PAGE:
When we are looking at practicing yoga in a sustainable manner, one of the questions we need to ask when examining postures is, why? What am I looking to achieve from this pose?
On the surface, Upward Facing Dog looks like a backbend. When asked, many people would reply, they practice upward dog to help open tight shoulders, hips and quads. That may be true to a point but although it can give the front of the body a nice stretch feeling, it also can really easily compress the vertebrae in the lumbar spine and cervical spine while creating instability in the shoulders.
There are a few different ways that you can tweak Upward Facing Dog to make it sustainable for your body. Let's look at one option.
Your body is made to move (and should) move in all sorts of different ways. But we are also generally a population of people who sit a lot; which means most people are very tight in the front of the body, specifically hip flexors and chest. It would then be a logical conclusion that we do a lot of backbending to counter the tightness at the front. But backbending isn't always doing what we think it's doing. What can end up happening is that we move from our more mobile parts at the expense of the less mobile parts.
In Upward Facing Dog and other backbends, the more mobile part in most people seems to be some hyper-mobility somewhere in the lumbar spine, often T12 and L1. Your body is smart, when you ask it to do something, it goes for the path of least resistance. Here in Upward Dog, if you have tight hips and quads, the path of least resistance is to do most of the moving from that hyper-mobile spot. And doing so, leads to the lower back compression and pain that is a common complaint in this pose.
Updating Upward Facing Dog
You can see in the picture above the pink dots highlighting some of the common problem areas of the pose. Low back, neck and elbows.
Line your shoulders over your wrists, with your hands shoulder width apart.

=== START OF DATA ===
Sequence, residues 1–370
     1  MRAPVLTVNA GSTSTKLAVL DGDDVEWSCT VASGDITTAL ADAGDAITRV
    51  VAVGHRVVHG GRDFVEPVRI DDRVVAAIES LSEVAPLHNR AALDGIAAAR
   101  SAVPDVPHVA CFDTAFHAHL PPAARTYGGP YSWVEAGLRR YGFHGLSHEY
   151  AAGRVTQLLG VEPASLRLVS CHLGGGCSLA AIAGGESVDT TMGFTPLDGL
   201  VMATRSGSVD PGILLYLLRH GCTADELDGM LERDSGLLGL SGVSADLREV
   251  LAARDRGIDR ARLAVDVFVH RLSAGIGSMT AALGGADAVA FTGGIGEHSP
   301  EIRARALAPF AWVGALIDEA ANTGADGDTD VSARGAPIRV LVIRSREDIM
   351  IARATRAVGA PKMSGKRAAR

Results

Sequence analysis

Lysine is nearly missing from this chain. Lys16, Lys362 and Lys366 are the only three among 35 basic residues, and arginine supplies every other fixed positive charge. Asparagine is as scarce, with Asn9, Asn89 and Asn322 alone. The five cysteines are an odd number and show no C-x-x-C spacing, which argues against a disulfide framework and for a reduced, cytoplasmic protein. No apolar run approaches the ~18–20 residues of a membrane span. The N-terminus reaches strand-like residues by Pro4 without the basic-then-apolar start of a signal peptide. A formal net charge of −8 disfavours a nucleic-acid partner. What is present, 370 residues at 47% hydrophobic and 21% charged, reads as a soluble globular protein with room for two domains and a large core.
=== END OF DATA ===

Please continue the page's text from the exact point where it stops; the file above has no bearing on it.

*People with hyper-mobile elbows need to keep a soft bend in the elbow to protect the elbow joint and as a result, instead of hanging the weight of your body in the elbow, you will properly engage and use the muscles in the arms and shoulders.
Traditional Cue: Lift the Chest and squeeze shoulder blades together. By lifting the chest and squeezing the shoulder blades together, we create instability in the shoulder girdle.
Updated Cue: Try to keep your shoulder blades wide and your elbows ever so slightly bent.
Traditional Cue: Reach your head back and look up to the ceiling.
Updated Cue: Let the back of the neck stay long. Less compression of your cervical vertebrae this way.
Traditional Cue: Pull your tailbone down and lift your chest. This cue is a big reason why we get the compression in the lumbar spine. Even though tucking the tailbone can give the feeling of spaciousness in the low back, you are compromising strength and stability through the core when you do so.
Updated Cue: Instead of dropping your hips and reaching your chest up to the ceiling, bring your low ribs down and up into your body. This will end up lifting your hips higher off the floor but as you can see in the picture, now you have structural stability. Look at those lovely lines through your spine. Your core is working and it is easier to keep your shoulder blades wide so that you have proper support in the shoulder girdle.
With these updated cues, the pose now looks and feels more like a plank pose but the discs in the lower back, along with your shoulders and neck are so much happier! You will still get some extension and stretch to the front line of your body. Yet if you are looking for the benefits of backbending, such as hip and quadricep opening, thoracic spine extension, then there are a lot of other ways to achieve space in those areas then Upward Facing Dog.
If you enjoy a vinyasa style practice that involves a lot of Upward Dogs, then refine the pose with the above points and you will be more strong and mobile in your body over time and your disks and joints will be thanking you.